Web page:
Use a final pass through the Complaint to identify the facts and events that are mentioned in it and move them into CaseMap. Facts can be typed into CaseMap directly into CaseMap's Fact spreadsheet. They can also be directly culled from the Complaint using the Send to CaseMap feature for Adobe Acrobat.

If you use the Send to CaseMap option from Acrobat, you can highlight text passages in the Complaint and send them directly to CaseMap's Fact spreadsheet. The Send to CaseMap Plug-for Acrobat also automatically creates a source reference and links the fact back to the specific passage in the Complaint. You can jump from a fact in CaseMap back to the specific passage in the PDF file of the Complaint at any time.

Step 7: Put Your Analysis to Work

As you complete the steps outlined above, you're in a position to create separate reports of the cast of characters, documents, issues, facts, and questions. You can also use CaseMap's truly unique ReportBook feature to instantly create a compilation of reports packaged together with a cover page, a table of contents, etc. CaseMap reports and ReportBooks can be printed or PDFed using CaseMap's built-in PDF Writer.

Let's try creating one of the prebuilt ReportBook templates CaseMap automatically includes in each case file. To create the ReportBook that's based on your Complaint analysis, click the ReportBook option on CaseMap's Main menu and then select the Case Summary option.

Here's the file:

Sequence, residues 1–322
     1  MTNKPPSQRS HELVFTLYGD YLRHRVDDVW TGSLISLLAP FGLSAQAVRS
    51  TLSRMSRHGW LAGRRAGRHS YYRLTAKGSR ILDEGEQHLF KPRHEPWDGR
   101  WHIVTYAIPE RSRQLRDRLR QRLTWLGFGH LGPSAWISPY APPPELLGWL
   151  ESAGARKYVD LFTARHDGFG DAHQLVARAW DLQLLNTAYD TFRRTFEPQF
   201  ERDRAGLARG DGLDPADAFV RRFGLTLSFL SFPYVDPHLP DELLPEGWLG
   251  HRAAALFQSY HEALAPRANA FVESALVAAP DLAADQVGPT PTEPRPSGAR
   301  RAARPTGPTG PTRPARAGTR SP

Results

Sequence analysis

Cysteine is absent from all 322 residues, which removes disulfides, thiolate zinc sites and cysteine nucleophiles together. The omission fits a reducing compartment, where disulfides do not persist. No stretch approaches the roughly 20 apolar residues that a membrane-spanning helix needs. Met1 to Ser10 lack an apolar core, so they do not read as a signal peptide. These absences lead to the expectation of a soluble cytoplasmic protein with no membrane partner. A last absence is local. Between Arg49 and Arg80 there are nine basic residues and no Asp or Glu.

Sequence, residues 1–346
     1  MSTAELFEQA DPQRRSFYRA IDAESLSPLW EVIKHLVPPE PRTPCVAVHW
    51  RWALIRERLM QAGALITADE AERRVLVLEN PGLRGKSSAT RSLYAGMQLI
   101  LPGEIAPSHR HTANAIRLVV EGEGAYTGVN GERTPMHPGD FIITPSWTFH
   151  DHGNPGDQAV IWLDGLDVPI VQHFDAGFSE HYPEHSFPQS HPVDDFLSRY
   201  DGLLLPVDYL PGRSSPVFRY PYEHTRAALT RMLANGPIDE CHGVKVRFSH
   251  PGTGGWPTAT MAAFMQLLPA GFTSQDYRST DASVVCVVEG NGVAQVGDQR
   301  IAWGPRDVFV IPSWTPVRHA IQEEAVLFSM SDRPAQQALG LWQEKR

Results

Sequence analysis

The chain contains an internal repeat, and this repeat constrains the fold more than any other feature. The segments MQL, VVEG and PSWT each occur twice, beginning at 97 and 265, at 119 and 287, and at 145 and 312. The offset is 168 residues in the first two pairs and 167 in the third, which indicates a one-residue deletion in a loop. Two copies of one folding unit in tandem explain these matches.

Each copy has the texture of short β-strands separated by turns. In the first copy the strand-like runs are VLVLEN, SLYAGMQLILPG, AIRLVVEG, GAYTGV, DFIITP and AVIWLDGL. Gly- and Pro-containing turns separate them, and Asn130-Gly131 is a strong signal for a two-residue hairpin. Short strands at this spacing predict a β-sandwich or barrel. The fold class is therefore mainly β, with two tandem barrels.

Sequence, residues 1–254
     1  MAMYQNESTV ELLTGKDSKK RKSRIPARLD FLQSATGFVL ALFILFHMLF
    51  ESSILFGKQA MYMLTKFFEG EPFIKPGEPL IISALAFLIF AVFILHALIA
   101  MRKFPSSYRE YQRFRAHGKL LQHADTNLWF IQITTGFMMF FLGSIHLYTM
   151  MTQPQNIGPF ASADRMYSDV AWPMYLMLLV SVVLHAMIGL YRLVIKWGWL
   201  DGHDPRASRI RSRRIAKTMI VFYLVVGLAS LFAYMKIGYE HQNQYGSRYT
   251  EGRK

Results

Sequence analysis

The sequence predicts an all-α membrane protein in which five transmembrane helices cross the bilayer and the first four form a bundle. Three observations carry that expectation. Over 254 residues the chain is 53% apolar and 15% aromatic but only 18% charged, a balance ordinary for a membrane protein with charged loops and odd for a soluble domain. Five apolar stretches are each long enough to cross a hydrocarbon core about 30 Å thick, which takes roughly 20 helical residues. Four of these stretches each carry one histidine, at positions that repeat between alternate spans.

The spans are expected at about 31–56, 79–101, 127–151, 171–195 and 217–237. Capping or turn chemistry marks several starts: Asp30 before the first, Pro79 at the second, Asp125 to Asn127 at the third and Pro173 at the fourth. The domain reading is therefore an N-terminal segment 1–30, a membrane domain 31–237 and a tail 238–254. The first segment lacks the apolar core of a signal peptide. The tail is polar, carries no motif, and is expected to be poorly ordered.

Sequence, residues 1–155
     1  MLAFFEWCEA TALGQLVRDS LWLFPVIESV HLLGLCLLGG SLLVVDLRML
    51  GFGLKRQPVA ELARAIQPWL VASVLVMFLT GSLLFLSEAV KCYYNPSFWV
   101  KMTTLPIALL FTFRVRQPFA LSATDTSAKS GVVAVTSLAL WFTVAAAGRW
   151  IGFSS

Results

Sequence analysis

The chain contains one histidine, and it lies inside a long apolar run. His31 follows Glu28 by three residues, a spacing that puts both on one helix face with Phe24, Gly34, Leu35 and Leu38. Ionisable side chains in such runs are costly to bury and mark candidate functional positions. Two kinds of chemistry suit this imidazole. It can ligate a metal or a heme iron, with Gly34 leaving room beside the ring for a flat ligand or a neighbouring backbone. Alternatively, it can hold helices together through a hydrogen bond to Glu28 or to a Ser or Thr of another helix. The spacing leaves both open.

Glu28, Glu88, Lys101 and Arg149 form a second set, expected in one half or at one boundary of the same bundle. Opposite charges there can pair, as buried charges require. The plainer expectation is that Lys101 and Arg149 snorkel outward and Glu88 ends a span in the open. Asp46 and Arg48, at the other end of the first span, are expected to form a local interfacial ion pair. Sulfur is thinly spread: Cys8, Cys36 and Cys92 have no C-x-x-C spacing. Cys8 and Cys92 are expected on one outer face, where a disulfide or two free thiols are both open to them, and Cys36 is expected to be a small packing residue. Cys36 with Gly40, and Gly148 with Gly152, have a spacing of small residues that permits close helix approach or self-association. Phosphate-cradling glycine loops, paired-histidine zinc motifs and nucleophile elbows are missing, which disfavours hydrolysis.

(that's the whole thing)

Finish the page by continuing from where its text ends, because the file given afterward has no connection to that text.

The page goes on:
Hand out copies of the completed Case Summary work product to your client and everyone on the trial team. As the case moves forward, add additional critical knowledge to the CaseMap file you got rolling in short order.


I hope you'll give this Complaint Analysis Protocol a try on a current matter and that it will soon become standard practice for all cases. The first time you try it, you'll spend some time learning the process and tweaking to make it your own. Thereafter, you should be able to jumpstart a CaseMap file for a typical matter in an hour or two at the most.

About the Author

Greg Krehel is the Vice President for LexisNexis CaseMap and the co-founder of CaseSoft. He directs CaseMap product development efforts at LexisNexis' Ponte Vedra Beach, Florida offices. He designed much of the technology in CaseMap, including the Data Refinery, the CaseWide timeline, and the Evaluation Comparison Matrix. Recently acquired by LexisNexis, CaseMap provides the workflow platform into which all of the key products that make up the LexisNexis Total Litigator suite are linked and integrated. Additional information and full-featured trial versions are available at www.casesoft.com.